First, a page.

By the second year of my PhD, I published or presented 54 medical papers. I’d published six peer reviewed medical papers, was a contributing author on a book, and owned and operated my own consulting company in respiratory medicine. I’d developed a patent for respiratory devices and was progressing successfully in my studies. I was 31 years old. I was proud of my accomplishments and my continuing success in respiratory medicine. But that was all about to change. A substance use disorder would enter my life and take everything from me: my possessions, my profession, my loved ones, and my sanity.

My pathway to struggling with a substance use disorder started when I made an appointment to see my medical school’s doctor for migraine headaches. I put great trust in him. In a timeframe of less than eight months, I was prescribed 6,647 pills. I had pills to help me stay awake and study, pills for helping me sleep, pills for anxiety, and pills for pain. I knew about substance abuse, but I thought I was too intelligent to become trapped by that disease. Anyway, the doctor said he had taken pills when he was in medical school to help him succeed. My ignorance would cause me to lose almost a decade of my life. My severe substance use disorder would bring me close to death many times.

Although this doctor lost his medical license for overprescribing controlled substances and not monitoring that prescribing, it was too late for me. I had to drop out of my program due to my substance use disorder. The doctor lost his license three months after I dropped out of the program.

At this point in my life, I had to confront and accept some very disturbing facts. I was no longer pursuing the goal I had been following for the past 15 years. I was severely addicted to prescription drugs. The doctor who had been prescribing me the drugs had his medical license revoked. The focus of my life was to obtain drugs. I was, in essence, trapped in the severity of my substance use disorder. For the first time, I had lost complete control over my life.

For many years, I went doctor shopping. I would acquire my drugs in many ways: from the internet, hospital emergency rooms, forged prescriptions, clinics, private doctors, and in other countries. I could hold a job short-term because of my experience in respiratory medicine. But every time, I was fired when my substance use disorder interfered with the quality of my work. Eventually, word of my substance use disorder became known to my colleagues and the respiratory medicine industry. From that point on, I was not called upon to lecture, consult, or in any way work in the respiratory medicine industry. I was, for all intents and purposes, “blackballed” from my profession.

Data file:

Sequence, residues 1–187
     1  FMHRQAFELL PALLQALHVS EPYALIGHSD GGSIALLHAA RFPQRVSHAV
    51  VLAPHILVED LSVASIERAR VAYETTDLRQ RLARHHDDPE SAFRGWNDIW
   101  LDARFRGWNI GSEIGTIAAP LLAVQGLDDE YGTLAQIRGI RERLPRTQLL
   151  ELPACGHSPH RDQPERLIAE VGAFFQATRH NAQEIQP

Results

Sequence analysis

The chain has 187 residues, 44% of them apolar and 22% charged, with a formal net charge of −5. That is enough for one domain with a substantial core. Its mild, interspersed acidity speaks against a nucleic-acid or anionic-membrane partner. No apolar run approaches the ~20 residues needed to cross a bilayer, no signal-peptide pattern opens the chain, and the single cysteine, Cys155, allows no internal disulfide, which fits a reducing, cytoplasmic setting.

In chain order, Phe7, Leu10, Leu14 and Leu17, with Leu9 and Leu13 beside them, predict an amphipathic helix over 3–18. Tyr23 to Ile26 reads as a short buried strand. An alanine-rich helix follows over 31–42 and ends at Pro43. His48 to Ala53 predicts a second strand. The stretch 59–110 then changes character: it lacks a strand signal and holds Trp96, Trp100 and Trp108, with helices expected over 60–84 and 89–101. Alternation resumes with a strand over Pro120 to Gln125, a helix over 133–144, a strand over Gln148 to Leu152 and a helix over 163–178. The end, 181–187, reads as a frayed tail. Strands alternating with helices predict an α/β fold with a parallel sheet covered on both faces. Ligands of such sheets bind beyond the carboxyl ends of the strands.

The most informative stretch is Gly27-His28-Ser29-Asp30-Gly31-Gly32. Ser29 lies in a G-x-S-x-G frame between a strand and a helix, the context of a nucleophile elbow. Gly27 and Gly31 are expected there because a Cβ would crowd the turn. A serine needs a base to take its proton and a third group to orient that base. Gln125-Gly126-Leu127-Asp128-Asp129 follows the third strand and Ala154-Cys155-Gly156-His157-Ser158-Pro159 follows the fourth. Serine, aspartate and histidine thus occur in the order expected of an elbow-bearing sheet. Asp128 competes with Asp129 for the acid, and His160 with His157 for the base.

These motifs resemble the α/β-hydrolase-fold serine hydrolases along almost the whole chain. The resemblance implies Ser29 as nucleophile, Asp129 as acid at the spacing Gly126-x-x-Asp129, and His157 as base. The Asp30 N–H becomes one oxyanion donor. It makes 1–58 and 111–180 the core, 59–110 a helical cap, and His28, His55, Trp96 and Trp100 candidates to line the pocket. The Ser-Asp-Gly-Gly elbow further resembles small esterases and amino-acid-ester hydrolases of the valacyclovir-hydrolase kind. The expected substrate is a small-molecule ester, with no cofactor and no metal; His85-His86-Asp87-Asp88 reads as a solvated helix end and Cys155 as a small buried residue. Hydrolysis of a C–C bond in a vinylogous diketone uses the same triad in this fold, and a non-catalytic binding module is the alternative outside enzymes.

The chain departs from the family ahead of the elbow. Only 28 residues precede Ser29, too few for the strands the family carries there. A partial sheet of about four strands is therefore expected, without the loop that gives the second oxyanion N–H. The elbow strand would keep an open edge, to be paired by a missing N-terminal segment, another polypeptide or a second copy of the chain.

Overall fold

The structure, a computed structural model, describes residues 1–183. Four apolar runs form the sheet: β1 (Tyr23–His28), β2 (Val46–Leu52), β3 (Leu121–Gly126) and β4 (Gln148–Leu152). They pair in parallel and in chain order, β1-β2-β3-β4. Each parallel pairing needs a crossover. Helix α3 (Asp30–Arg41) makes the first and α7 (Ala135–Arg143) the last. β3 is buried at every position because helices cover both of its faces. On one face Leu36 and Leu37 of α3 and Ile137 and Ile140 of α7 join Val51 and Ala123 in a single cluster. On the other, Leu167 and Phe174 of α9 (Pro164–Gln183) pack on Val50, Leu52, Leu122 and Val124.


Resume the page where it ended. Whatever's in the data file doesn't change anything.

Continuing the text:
Shunned from my industry, estranged from my family and friends, and homeless, I fell into a deep depression. I wrote a suicide note and attempted to commit suicide. I did not succeed. Over the next nine years, I would attempt suicide one more time. I survived 35 toxic overdoses and 45 seizures. Each of these nearly killed me.

During my active substance use disorder, I tried rehab periodically. Nine times, I made a serious effort to become substance use free. But, every time, I relapsed within weeks of being discharged. After nine years, I completely surrendered to my disease and understood that my substance use disorder was not going to be successfully addressed in weeks or even in a couple months of treatment. I realized that my recovery would require at least a year in a long term residential program where I could work on my substance use disorder issues every day, with no distractions. I found a year-long cognitive/behavioral rehabilitation program. This program not only worked on my substance use disorder issues, but also worked on my cognitive/behavioral issues that caused me to seek out the drugs.

Currently, my life is finally moving in a direction I can be proud of. Being free from substance use restored my clarity of thought and determination. Two attributes which were essential for completing my autobiography, From Hopkins To Homeless: My True Story of Prescription Drug Addiction. I believe I can inspire and educate others about substance use disorders and recovery management with my story.

Dave LoffertMy future is now completely open to possibilities. I do know that I am very thrilled and inspired living life as a substance use-free individual. And, for the first the first time in over nine years, I have a sense of self-confidence and respect for myself. This confidence reminds me that I can accomplish anything I put my mind to. For this reason, I enrolled and completed my doctorate in public health education. I have also completed training to become a certified peer support specialist and a certified prevention specialist II.

It has been a long, arduous, and self-revealing journey. Unfortunately, along the way I sometimes was deceitful, dishonest, unreliable, and untrustworthy. On the other hand, I can proclaim that through my suffering and adversity, I received great rewards and prosperity. Today, I continue to advocate for those affected by the disease of addiction and mental health issues. It is a passion and a pathway that I will pursue for the rest of my life.